You want to write a book. You’re bristling with creativity, wit, love of story and a fascination with words (or images) that borders on the pathological. Great. But let me save you some time. Go down to your local lab and have some blood drawn. Have it tested for doggedness. That’s what you’re really going to need.

photo by rachel_r via PhotoRee

photo by rachel_r via PhotoRee

Last week, Adi Rule wrote about how hard writing is. (To see that excellent and funny post, please click here.) One thing that makes it hard is the lack of guarantees. You spend years writing your debut novel only to discover that it’s not your debut novel. It’s the novel that taught you how to write a novel. Feel free to cry, rant and howl a bit. But then pick up your pen (or keyboard) and start the next novel.

If you write picture books, you may write and then lovingly, compulsively revise 15-20 picture books a year. Only one (maybe) will become a picture book. With actual pictures that exist somewhere other than inside your head. The rest become part of a dogged study of page turns, rhythm and endings. I think there are illustrator equivalents which involve obsessive use of sketchbooks and experiments with form, media and texture.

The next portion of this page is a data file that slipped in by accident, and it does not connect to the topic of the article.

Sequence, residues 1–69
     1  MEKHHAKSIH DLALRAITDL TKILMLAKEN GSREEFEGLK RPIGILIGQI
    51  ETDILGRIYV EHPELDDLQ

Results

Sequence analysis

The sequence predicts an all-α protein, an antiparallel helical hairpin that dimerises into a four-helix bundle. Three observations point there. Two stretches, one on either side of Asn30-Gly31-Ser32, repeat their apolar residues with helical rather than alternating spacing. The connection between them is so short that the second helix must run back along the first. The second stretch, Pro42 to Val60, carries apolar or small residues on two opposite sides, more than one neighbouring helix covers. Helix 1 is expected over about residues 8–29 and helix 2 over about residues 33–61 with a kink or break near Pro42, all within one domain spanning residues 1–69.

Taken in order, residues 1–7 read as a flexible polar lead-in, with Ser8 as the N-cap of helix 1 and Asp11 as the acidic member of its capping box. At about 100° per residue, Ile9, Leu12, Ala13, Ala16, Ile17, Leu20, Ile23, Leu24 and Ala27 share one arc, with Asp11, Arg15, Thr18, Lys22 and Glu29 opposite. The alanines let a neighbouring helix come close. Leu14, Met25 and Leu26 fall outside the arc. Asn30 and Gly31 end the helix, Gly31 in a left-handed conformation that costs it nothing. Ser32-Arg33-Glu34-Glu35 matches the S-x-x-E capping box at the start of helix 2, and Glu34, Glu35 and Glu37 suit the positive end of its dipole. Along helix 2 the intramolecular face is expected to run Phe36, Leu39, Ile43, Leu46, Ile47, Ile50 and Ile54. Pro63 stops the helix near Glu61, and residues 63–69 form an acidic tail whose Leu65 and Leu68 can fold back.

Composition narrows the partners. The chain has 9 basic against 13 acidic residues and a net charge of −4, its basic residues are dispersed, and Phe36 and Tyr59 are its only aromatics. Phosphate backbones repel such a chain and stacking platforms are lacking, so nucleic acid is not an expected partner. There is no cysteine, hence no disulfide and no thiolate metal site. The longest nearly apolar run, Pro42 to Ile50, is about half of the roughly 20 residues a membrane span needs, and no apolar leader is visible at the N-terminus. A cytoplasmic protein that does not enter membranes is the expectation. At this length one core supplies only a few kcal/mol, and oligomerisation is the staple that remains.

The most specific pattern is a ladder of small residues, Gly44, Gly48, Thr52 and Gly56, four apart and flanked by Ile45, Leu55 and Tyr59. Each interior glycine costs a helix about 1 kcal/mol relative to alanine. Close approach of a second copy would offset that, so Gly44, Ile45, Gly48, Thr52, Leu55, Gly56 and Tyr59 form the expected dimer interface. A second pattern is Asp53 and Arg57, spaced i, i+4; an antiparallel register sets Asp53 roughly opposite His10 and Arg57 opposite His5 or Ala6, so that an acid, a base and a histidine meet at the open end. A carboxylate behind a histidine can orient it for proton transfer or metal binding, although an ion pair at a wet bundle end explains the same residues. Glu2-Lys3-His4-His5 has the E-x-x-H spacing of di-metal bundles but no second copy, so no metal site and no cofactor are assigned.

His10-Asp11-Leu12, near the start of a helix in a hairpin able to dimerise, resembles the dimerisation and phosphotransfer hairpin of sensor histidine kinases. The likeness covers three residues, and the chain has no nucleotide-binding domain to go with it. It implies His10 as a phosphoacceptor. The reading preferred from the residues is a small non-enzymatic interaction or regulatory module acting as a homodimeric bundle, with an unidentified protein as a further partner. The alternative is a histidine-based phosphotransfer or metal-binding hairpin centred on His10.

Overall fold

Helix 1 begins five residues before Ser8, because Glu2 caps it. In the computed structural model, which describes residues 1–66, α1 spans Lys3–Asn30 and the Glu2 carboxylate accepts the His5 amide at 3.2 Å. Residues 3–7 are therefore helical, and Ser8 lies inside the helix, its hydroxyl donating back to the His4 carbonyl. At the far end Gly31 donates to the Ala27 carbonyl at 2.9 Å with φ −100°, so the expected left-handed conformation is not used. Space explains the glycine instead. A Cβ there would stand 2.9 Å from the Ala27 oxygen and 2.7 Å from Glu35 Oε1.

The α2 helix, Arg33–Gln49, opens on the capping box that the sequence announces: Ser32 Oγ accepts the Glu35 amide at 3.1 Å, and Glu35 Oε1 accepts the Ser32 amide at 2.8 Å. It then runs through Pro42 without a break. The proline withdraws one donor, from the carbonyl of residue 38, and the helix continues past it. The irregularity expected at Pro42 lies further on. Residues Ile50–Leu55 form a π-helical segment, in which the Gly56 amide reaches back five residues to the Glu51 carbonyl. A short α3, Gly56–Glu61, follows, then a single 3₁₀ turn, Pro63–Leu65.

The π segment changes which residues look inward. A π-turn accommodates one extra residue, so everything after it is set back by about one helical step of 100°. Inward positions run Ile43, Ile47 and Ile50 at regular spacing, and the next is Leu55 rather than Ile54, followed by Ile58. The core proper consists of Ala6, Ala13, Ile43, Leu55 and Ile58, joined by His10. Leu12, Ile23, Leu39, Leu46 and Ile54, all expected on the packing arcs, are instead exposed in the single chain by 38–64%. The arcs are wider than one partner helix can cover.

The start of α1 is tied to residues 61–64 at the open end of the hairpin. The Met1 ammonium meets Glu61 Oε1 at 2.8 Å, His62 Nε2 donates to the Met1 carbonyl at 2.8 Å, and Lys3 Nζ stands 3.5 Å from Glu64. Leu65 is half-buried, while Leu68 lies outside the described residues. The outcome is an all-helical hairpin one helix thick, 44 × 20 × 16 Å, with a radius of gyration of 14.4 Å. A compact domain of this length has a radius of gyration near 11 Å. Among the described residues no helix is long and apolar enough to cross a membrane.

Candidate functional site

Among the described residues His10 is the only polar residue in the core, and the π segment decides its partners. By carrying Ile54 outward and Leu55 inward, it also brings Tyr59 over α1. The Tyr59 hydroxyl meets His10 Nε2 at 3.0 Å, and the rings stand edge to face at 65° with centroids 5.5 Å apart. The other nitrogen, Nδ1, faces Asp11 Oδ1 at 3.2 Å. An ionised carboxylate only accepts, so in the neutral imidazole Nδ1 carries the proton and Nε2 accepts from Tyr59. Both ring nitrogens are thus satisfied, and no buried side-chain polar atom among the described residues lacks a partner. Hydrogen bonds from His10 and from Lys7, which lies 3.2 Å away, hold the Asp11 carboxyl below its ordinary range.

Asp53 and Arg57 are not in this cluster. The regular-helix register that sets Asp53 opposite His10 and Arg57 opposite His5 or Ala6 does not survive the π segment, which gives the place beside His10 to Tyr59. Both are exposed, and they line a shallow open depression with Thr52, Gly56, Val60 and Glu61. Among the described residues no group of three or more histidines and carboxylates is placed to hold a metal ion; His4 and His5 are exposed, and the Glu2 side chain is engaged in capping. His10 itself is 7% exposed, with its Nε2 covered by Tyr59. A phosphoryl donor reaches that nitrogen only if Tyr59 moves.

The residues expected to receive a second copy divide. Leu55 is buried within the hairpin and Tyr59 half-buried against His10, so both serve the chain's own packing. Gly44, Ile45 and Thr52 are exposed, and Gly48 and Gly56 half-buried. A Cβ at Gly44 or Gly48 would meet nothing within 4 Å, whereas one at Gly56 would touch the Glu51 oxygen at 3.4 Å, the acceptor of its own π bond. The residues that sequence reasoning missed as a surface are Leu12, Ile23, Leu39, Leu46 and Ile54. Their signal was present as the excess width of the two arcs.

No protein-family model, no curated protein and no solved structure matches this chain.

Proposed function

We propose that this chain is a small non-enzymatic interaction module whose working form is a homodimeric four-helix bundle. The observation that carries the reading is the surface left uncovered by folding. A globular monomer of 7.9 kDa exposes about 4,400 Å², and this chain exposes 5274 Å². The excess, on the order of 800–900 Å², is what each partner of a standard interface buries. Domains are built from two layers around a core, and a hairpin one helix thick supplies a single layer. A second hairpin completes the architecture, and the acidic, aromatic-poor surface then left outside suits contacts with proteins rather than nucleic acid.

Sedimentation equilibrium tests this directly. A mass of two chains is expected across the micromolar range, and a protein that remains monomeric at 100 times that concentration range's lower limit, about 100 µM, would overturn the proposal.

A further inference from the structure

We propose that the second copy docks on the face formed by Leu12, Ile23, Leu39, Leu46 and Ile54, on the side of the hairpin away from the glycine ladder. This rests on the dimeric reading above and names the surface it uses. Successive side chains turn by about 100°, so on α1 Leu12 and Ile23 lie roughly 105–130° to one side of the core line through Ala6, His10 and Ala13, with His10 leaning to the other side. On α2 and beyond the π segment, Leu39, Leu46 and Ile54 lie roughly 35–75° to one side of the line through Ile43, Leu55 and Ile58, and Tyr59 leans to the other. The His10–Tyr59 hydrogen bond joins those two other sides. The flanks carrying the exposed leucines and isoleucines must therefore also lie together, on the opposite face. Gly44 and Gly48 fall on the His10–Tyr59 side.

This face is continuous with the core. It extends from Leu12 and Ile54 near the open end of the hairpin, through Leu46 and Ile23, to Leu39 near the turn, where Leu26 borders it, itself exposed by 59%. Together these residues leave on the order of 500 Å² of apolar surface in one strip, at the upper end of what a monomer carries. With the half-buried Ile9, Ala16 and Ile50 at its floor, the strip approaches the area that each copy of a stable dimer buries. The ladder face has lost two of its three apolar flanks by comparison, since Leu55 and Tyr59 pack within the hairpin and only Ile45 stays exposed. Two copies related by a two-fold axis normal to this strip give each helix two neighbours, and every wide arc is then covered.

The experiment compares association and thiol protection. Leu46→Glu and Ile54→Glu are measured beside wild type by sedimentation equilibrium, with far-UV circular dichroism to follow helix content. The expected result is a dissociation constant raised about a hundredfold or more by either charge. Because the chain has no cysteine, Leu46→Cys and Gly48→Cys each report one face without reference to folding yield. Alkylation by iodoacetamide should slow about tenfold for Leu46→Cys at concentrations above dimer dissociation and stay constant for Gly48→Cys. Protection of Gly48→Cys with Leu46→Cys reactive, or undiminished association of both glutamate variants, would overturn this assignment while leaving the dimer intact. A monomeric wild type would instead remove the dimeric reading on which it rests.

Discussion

I hesitate to even bring up this next bit. We are, perhaps, neurotic enough without thinking about this and I don’t think we want to stay here long. Still. Let’s  say you finally publish that first book. Maybe it’s starred in every review that exists. I hope it is. But what if it’s not? What if, in spite of the astonishing hours of work that went into creating, revising and promoting, it makes a distressingly small splash?

Let’s make a pact right now. We’re going to be ok. We’re already going to be on to the next thing. We’ll  pick up our pencil, brush, stylus or laptop and keep going. We’re going to get better and better. We’re dogged.

mylisa_email_2-2Mylisa Larsen has been telling stories for a long time. This has caused her to get gimlet-eyed looks from her parents, her siblings and, later, her own children when they felt that certain stories had been embellished beyond acceptable limits. She now writes children’s books where her talents for hyperbole are actually rewarded. She is the author of the picture books, Instructions for Bedtime (Katherine Tegen Books) and If I Were A Kangaroo (Viking.)

You can visit her online at her website.


Filed under Anxiety, Patience, Writing

6 responses to “Dogged

  1. “Go down to your local lab and have some blood drawn. Have it tested for doggedness. That’s what you’re really going to need.”
    Here’s to doggedness and being dogged. I’m in on the pact!


  2. Lindsey Lane

    Two footed wisdom for sure!


  3. Here’s to the Next Thing. Thanks for this post! Woof!


  4. “It’s the novel that taught you how to write a novel.” TRUTH. I’m with you on the pact!


  5. Christine Hayes

    Yes, I pinky swear to be dogged no matter what, Mylisa. Fun post!


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